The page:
INDIANA — The dispute between The Electron staff at Franklin Community High School and their principal –who wanted to enact a prior review policy after a January newspaper spread onsex –was resolved Wednesday.
Senior Ricci Warwick, editor in chief ofThe Electron, said after the staff met with Principal Craig McCaffreyWednesday, they realized he only wanted prior review because he thought theschool could be held liable for student-sponsored publications.
”Therehave been a number of cases involving public colleges that make it clear thatwhere school officials adhere to a ‘hands-off’ editorial policy, they won’t be held responsible for mistakes the student staff makes. The issue hasn’t been directly addressed at the high school level, but there is no reason the same logic shouldn’t apply,” said Mike Hiestand, an attorney and legal consultant to the Student Press Law Center.
Warwick said the principal and the editors tried to put their differences aside.
”[The new process] is basically what we do now … The adviser continues to look over the content. [McCaffrey] just wants us to make sure that it is relevant to most students.”
Warwick said the January spread dispelled common myths about sex and presented information on sexually transmitted diseases, the emergency contraception pill, condoms and the birth control pill. There was one news article, which discussed human papillomavirus and cervical cancer. A disclaimer at the top of the newspaper explained that the staff was not encouraging sex, but was instead trying to educate students who are sexually active.
McCaffrey could not be reached Thursday for comment on the resolution, but said Tuesday that although the article was pertinent to high school students, it concerned him that students were not referred to health services experts or other outlets so they could get more information.
”The [prior review] process doesn’t have to include me,” he said. ”It wouldn’t bother me if it didn’t. Maybe it’s another adult or an adviser that looks at something and poses these questions to students.” McCaffrey said an article in a previous Electron issue quoted an anonymous drug dealer at the school. If he had exercised prior review, he said the article would have been removed.
”My concern is if the student would have gotten caught on campus with those drugs — it was the student journalist that gave them up and that’s a risk by the journalist,” he said. ”At 16 or 17-years-old, I don’t think that’s an appropriate risk to take.”
Warwick said McCaffrey addressed the newspaper staff after the article first came out, giving them the impression that they could do nothing to stop the policy change. She attended Monday night’s school board meeting, where board members informed her this issue could still be worked out at the high school level.
Now that the issue has been resolved, Warwick said they will attend the March board meeting to propose their agreement in writing. The proposed policy will be released next week, she said.
John Wales, school board president for the Franklin Community School Corporation, said in an email that the January spread on sex also brought attention to some differences between the student handbook and the board’s policy on student publications.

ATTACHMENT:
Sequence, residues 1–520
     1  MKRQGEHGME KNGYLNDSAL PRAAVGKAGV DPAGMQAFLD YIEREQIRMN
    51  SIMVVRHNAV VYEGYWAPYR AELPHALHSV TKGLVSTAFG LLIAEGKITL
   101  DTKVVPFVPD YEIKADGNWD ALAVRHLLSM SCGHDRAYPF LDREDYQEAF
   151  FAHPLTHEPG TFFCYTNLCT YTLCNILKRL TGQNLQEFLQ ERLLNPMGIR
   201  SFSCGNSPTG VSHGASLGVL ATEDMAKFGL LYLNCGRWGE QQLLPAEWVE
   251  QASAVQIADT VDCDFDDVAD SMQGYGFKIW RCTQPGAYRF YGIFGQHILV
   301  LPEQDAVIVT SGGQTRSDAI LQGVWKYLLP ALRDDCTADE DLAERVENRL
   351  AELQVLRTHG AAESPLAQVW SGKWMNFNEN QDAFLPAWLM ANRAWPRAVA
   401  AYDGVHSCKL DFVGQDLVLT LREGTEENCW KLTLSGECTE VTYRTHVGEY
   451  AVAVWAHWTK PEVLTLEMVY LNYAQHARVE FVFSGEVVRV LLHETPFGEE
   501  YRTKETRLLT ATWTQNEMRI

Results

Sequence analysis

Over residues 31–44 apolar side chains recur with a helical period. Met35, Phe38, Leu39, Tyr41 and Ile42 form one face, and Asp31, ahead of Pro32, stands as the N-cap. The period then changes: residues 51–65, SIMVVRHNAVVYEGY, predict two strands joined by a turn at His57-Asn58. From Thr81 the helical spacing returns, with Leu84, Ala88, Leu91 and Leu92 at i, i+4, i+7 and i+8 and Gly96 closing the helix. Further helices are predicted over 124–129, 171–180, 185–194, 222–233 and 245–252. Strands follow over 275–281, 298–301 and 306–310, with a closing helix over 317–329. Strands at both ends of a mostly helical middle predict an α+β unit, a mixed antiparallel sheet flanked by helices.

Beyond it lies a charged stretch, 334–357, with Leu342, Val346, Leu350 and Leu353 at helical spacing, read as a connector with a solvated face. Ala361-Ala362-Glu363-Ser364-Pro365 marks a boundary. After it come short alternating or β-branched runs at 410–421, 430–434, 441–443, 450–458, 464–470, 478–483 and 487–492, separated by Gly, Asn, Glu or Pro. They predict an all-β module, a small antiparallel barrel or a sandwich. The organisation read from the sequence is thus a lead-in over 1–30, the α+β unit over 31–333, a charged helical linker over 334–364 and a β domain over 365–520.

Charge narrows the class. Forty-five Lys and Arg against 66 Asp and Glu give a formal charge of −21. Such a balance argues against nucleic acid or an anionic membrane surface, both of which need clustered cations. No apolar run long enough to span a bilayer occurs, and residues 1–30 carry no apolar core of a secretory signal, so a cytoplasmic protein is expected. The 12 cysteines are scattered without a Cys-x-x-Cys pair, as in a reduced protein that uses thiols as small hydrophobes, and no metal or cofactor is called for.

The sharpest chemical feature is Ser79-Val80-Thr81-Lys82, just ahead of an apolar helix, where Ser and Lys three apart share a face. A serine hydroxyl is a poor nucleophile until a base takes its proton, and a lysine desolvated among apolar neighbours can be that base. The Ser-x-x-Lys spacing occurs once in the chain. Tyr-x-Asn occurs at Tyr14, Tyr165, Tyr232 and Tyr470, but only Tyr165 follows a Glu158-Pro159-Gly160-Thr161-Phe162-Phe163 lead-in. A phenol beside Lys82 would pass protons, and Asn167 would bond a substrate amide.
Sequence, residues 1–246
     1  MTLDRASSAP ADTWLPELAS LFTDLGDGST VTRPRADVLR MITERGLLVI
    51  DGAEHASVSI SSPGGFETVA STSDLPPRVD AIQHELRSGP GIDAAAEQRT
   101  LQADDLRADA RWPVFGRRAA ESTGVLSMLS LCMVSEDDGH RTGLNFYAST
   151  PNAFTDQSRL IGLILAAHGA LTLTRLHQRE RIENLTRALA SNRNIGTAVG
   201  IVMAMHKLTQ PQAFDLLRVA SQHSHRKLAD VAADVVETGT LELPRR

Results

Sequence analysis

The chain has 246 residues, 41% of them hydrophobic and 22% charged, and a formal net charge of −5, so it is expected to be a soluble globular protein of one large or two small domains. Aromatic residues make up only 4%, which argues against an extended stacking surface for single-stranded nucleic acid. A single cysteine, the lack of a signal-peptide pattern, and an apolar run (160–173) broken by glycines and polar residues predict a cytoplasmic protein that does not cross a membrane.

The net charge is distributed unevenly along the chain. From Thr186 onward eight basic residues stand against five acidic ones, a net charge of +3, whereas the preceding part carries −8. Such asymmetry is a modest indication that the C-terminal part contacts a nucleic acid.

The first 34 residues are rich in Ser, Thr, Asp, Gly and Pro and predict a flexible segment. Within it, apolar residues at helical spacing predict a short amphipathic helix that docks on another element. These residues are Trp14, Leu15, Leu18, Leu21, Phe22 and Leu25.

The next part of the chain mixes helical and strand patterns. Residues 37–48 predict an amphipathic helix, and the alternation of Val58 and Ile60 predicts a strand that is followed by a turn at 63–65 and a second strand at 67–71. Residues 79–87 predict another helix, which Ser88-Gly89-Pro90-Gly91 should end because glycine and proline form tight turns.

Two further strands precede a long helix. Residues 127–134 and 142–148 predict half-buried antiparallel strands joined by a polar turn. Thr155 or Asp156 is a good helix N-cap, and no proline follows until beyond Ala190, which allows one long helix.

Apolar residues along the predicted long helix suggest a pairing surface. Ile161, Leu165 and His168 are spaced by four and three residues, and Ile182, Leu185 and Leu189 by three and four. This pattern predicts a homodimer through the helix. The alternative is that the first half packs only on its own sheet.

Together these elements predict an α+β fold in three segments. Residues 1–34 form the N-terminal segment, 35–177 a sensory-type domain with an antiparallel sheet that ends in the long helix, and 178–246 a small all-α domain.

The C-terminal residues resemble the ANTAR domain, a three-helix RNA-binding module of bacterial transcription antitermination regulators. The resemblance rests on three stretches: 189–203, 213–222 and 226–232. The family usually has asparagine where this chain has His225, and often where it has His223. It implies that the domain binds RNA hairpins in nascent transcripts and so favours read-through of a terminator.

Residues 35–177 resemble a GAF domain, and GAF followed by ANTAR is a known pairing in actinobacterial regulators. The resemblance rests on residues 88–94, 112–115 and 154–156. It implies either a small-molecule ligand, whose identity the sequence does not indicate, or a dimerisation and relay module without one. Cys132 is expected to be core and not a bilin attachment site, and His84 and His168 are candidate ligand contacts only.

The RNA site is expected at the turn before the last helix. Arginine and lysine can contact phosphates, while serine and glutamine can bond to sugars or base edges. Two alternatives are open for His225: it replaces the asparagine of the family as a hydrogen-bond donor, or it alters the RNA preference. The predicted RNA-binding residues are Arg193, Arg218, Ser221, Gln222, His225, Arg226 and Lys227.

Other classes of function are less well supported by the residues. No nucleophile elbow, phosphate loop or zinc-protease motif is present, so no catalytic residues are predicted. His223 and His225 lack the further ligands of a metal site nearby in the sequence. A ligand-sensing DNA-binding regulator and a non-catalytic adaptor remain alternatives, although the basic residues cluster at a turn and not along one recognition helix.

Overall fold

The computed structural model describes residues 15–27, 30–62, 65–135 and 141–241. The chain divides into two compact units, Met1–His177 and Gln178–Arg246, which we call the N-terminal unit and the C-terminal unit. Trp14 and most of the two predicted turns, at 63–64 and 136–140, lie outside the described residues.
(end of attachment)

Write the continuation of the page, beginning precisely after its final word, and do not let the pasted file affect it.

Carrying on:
According to Warwick, the staff has always gone by the student handbook, which states that, ”Content is controlled and edited by the staff editors.”
Wales also said several parents expressed their concern over the appropriateness of the January issue.
Jack Dvorak, journalism professor and director of the Indiana University High School Journalism Institute, said while content on sexuality might be uncomfortable for parents and administrators, it is important for students to learn about the topic.
”It seems like a valid, educational purpose for kids to be reading about things like that … and writing from their peers is going to be more effective than pamphlets prepared by the school nurse,” he said.
While high school administrators have the ability to enact prior review under the Supreme Court’s 1988 Hazelwood School District v. Kuhlmeier decision, it is not an ideal situation for journalism students, he said.
Hazelwood said school officials generally may censor items in school-sponsored student media if they can present a reasonable educational justification for doing so, and if they have not traditionally allowed students to make final content decisions.
”Prior review is not an educationally sound policy,” he said. ”The circumstances should be left within the editor’s hands with the advice of the adviser. [The adviser] has the journalism degree and knows about journalism law and ethics.”
Warwick said in seeking support from the community, the Electron staff originally contacted Yu-long Ling, political science professor and Williams Chair in Law for Franklin College.
”Many of the people in our community don’t seem to understand the complexity of the First Amendment,” Ling said. ”They think the principal can dictate, but there is limitation to his authority … Schools always try to assert their authority on the student press. It’s almost a trend in this country.”
But Ling, who has taught constitutional law for 35 years, said there is a line between authority and individual rights. The question, he said, is who draws the line when something is controversial. The beauty of a democracy is that the Supreme Court can adjust line based on the reality, he said.
”The end of the authority is the beginning of the rights,” he said, adding that an article on safe sex is not something a principal should focus on.
Ling said he planned to submit an article to the Daily Journal Thursday, focusing on the First Amendment and why our founders set up a constitutional democracy.